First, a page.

The Night Circus

13330943by Erin Morgenstern
Fantasy
5 of 5 stars
Debut novel: September 13, 2011

I have been meaning to read this book for years, and I finally bought myself a copy so that I could leisurely make my way through the 500 pages. This is one of the best stories I’ve ever read–ever.

Told over the span of decades, through multiple characters, bouncing back and forth through time and different countries, it drew me in from the first page, promising not just a story, but an experience. And it completely delivered that for me! I seriously considered not finishing the book just to prolong the feeling of the circus.

As children, Celia and Marco are bound to a magical competition by their instructors, unaware that only one can survive the challenge. After years of training, the Night Circus is created to showcase their abilities as exhibitors, and drawing innocent people into the web of the contest. When Celia and Marco fall in love, things get even more complicated.

I just adored this story–the magic is beautiful and interesting and at times just fun, reminiscent of Harry Potter. It’s immersive, and although the plot is slow, the enjoyment of this book comes from the journey and the little moments of detail in each chapter. It is one of those stories that makes you long to be there yourself. Definitely a new favorite for me, and a wonderful way to close out this year!

If you’d like to see more reviews or buy a copy for yourself, The Night Circus is available on Goodreads and on Barnes & Noble’s website here. Please consider supporting your local bookstore!


Similar reads:

  • Uprooted by Naomi Novik – Agnieszka knows her perfect best friend is going to be the local wizard’s captive apprentice—except when he comes to choose a girl it isn’t Kasia. Incredible world-building, dark magic, excellent twists. Addictive and immersive! See my review here.
  • A Crown of Wishes by Roshani Chokshi – A captured princess and cunning prince team up to compete in the Tournament of Wishes, which will test their resolve in every way imaginable. As enthralling as it is emotional, I adore this story. It’s a love letter to stories and readers. See my review here.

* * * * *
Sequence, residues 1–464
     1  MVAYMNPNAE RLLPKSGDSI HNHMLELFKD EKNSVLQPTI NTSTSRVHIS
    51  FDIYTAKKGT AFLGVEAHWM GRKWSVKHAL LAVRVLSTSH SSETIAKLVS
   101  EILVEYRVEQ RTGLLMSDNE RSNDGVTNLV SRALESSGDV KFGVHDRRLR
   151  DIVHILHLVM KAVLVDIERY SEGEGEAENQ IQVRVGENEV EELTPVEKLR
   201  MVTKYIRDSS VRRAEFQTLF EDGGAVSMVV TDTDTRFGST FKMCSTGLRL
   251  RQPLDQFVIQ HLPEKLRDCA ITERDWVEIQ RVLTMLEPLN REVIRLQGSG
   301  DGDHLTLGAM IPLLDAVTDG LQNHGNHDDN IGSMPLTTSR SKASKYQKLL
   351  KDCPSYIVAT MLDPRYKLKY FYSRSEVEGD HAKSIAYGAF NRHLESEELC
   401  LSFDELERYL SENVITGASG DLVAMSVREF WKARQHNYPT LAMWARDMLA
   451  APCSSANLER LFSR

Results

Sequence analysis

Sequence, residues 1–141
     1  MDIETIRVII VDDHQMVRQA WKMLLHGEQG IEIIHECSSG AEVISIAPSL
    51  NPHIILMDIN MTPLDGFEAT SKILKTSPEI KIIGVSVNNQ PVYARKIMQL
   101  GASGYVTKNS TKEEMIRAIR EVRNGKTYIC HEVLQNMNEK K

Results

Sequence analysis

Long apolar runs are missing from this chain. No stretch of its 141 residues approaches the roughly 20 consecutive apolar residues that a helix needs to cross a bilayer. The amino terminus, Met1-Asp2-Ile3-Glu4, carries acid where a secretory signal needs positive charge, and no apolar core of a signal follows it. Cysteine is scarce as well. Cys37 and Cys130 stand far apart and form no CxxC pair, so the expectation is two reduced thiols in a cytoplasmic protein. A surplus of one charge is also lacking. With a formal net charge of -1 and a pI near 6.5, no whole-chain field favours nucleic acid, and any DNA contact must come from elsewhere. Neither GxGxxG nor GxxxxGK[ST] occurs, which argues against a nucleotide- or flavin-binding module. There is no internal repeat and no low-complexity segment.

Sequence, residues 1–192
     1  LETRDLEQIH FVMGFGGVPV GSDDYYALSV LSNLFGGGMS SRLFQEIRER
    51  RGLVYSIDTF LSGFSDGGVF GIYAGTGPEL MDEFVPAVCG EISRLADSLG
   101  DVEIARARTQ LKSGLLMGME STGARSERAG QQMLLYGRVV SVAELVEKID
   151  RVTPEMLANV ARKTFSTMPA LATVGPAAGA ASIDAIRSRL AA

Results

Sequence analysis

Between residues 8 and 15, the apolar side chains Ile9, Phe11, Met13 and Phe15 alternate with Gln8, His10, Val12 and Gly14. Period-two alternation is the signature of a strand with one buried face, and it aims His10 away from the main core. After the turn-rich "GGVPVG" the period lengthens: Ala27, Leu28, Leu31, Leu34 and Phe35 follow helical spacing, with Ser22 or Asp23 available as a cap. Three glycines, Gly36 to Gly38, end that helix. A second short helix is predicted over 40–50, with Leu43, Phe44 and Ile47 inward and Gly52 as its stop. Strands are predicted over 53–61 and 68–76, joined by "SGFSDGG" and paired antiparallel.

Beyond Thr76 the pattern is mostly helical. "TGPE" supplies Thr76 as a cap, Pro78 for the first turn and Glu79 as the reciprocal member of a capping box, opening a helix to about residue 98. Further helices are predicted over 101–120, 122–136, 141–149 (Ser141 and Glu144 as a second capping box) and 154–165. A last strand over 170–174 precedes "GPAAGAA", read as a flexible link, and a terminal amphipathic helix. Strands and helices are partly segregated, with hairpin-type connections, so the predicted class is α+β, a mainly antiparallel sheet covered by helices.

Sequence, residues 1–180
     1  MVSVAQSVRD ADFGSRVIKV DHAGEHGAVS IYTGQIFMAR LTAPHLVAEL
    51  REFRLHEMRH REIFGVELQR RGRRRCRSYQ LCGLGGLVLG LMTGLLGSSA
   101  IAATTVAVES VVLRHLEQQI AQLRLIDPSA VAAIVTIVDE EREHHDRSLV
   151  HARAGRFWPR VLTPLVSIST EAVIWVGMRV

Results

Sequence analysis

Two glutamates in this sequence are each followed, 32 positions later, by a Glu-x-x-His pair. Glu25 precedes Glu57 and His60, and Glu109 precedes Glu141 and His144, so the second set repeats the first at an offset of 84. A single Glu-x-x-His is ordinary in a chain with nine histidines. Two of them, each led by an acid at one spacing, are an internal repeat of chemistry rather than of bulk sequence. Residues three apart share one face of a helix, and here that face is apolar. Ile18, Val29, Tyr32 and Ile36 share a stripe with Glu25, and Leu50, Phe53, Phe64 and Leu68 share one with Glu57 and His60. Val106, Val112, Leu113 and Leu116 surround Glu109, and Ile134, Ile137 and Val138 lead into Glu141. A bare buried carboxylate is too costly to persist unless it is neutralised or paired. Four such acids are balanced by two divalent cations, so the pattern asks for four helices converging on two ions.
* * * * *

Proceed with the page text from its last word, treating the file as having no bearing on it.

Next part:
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Born a Crime

29780253by Trevor Noah
Nonfiction
5 of 5 stars

This is an incredible story that I couldn’t put down! Part history lesson, part autobiography, full of dry humor and even more grit.

Chronicling his childhood and teenage years in South Africa before his career on the comedy circuit, this is as much his mother’s story as his. A single woman raising a child with a white father during the final years of apartheid, her faith in Jesus was the only constant in a life spent hiding and running.

Noah holds nothing back–the darker stories of his upbringing and the racial tensions are only occasionally lightened with humor. The details of surviving through pirating music and DJ-ing parties are thrown together with his abusive stepfather, and continually searching for a group to belong to as a mixed race child. (Because even with everyone stringently categorized, he is alone). He examines all the aspects of white privilege as deftly as family dynamics and religion. Every chapter is riveting! This should be taught in high schools.

I’ll be recommending this to everyone! It presents the complexities of identity in a compelling, honest way with vivid language, the emotions bleeding through the carefully thought out anecdotes.

If you’d like to see more reviews or buy a copy for yourself, Born a Crime is available on Goodreads and on Barnes & Noble’s website here. Please consider supporting your local bookstore!


Similar reads:

  • Modern Romance by Aziz Ansari – A study of how romance has changed in the last few decades, with plenty of humor! See my review here.
  • The Sound of a Wild Snail Eating by Elisabeth Tova Bailey –  This is an excellent illustration of the sacredness of life in any state or size and has similar insights into knowing and accepting yourself as you are. See my review here.
  • Yes Please by Amy Poehler – A funny and inspiring autobiography about being a woman in comedy and television. I really enjoyed her perspective! See my review here.

Warcross

29385546by Marie Lu
Science Fiction
5 of 5 stars

This book blew me away! Some stories are just FUN to read and this is one of them! It’s completely different from Lu’s last trilogy (which I loved) and I was sucked in the same way. I’ve never wanted to be a part of a sci-fi world before, but this one is as addictive as the virtual reality game at its heart!

Emika Chen has been a coder, hacker, and bounty hunter since her father died. Warcross is the biggest game in the world, and gambling on it is illegal, but commonplace. Emika hunts these gamblers for the police to pay her debts, but it hasn’t been going well. When she accidentally glitches herself into the Warcross tournament, she catches the eye of the game’s creator, Hideo Tanaka. He wants her to be his bounty hunter, because someone else has been expertly hacking Warcross, and he wants to catch them.

There’s a lot to explain about this world, Warcross, and the tournament, but Emika takes us through it all with ease, filling you in yet keeping her own secrets (good and bad) from you until she chooses to divulge them. Although Emika’s voice is very matter-of-fact, there are surprising emotional moments that punch you in the gut.

The pacing is perfect, and the reveals are satisfying. Each beat tugs your heart in just the right way, like a perfect popcorn / spy / adventure flick. Even the cover clicks into the story in the best way. It was an absolute pleasure to read and I can’t wait for the sequel!

If you’d like to see more reviews or buy a copy for yourself, Warcross is available on Goodreads and on Barnes & Noble’s website here. Please consider supporting your local bookstore!


Similar reads: